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The truth is nobody has fun this season.

It’s been clear for months now that something was off within the Toronto Raptors organization. The magic that had carried the team for the better part of the last decade had vanished. The culture that Toronto once prided itself on had fractured.

“This year was not us,” said Raptors president and vice-chairman Masai Ujiri during his long-awaited season-ending media availability. “I did not enjoy watching this team play. I think that spoke loud and clear to everything that went on this year. It bothered all of us. It bothered coach, too.”

The easy starting spot for any team needing a change is the coach. Toronto made the decision Friday morning to dismiss Nick Nurse after a decade with the organization and five years as the head coach. It wasn’t an easy decision, Ujiri said, but a necessary one.


The answer is more complicated. Nurse’s hyper-aggressive style had begun to wear on players. Toronto had lost its spirit and “that feel of togetherness,” Ujiri said. There’d also been a concerning lack of development from some of Toronto’s younger players. Malachi Flynn, Dalano Banton, and Chrisitan Koloko, even Precious Achiuwa hadn’t shown the growth or been given enough leash to succeed under Nurse’s tutelage.

“One of the things we talked about was maybe utilizing some of these (younger) players a little bit more,” Ujiri said. “Like giving them room to actually show if they have or if they don’t have (it). I think we didn’t do so well with that this year. I think that hurt us some in developing our young players.”

In fairness to Nurse, none of those players ran with their opportunities this season and part of that is on Ujiri for not providing the Raptors with a deeper, more talented roster. He accepted blame for that, especially Toronto’s lack of shooting which he acknowledged the team needed more of.

There’s an expectation that changes will come to the roster too. Ujiri is planning “big changes” a term he used to describe what the organization will go through this offseason, coaching staff, and assistant coaches included.

“I think changes are going to be made on all fronts,” Ujiri added. “We saw how different players on our team would rise, would do well. But we never did it collectively. Maybe that could be fit. Maybe that could be system, sometimes role orientation, sometimes accountability — all the things we are going to really look at in how our roster is built. We believe in the players we have. Whether it’s tweaks or major changes, we’re definitely going to look at everything.”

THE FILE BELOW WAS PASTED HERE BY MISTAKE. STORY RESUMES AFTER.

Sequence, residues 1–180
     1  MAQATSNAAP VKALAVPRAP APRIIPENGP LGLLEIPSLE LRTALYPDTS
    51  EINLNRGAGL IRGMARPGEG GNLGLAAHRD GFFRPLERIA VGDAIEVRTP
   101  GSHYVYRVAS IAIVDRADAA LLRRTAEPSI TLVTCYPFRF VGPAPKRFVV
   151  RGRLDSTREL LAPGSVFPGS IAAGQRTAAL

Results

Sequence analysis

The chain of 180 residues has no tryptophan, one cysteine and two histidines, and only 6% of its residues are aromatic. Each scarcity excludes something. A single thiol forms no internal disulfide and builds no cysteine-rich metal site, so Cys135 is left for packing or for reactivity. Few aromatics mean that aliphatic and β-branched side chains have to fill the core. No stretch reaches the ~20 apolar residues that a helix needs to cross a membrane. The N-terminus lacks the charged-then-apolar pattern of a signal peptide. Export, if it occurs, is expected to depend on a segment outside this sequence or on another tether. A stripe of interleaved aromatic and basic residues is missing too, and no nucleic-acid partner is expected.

It was notable to hear Ujiri mention the selfishness he saw in the team, reemphasizing a comment he made following the trade deadline. To him, it wasn’t about contracts or pending free agents because Toronto has a track record of taking care of its own players. Prior to the trade deadline, that pertained most notably to Fred VanVleet and Gary Trent Jr., two soon-to-be free agents this summer. Jakob Poeltl joined that list following the trade deadline.

“But some people would say accolades and all the different things that players can get or what they’re gunning for,” Ujiri continued.

“Did that happen because of the system or different things that we did, or was it them individually? Again, I’m not going to point fingers now. I just want to know how we’re going to do better.”

Getting better isn’t going to be easy. Toronto has already traded its 2024 first-round pick top-six protected and is prohibited from trading its 2025, 2026, and 2027 first-round picks outright until the 2024 pick conveys to the San Antonio Spurs. VanVleet, Trent, and Poeltl, three of Toronto’s top-six players are all free agents and it’s extremely rare for teams to improve through a sign-and-trade.

Save for trading Scottie Barnes whose rookie-scale contract makes it hard to return a player of commensurate value, Toronto is left with just two options to move in any significant trades: O.G. Anunoby and Pascal Siakam.

The Raptors remain confident, at least publicly, that Siakam, 29, and Barnes, 21, can both have primes that align for the organization. But looking at Toronto’s roster and the dearth of shooting, keeping the 25-year-old Anunoby who led the Raptors in three-point shooting and has a more seamless timeline fit alongside Barnes’ peak could make Siakam the odd man out.

Those decisions are coming and are no doubt being discussed internally. For now, though, it’s about finding a coach to lead the way. Toronto has no timeline on when that decision will be made, Ujiri said. Ideally, the organization would like to have someone by the NBA Draft on June 22.

What will the Raptors be looking for in their next frontman?

“Character. Quality of a person. Energy. What kind of energy are we going to get because we need that? Discipline, style of play. So many things we’re going to look to as we start this search,” Ujiri said.

Ujiri has been here before and regardless of how things ended with the Raptors and Nurse, Toronto made the right call at the time, opting to bring in Nurse to replace Dwane Casey. It was a promotion from within for an organization that had prided itself on stability and continuity.

Now, though, it’s time for a change, and nailing this decision will set the course for the next half-decade or more of Raptors basketball.

Further Reading

O.G. Anunoby says the right things, but Raptors face decision with complicated extension

Scottie Barnes acknowledges he can do better this summer as Raptors key on his development

Raptors locked into 13th spot in draft lottery with 1% chance at top selection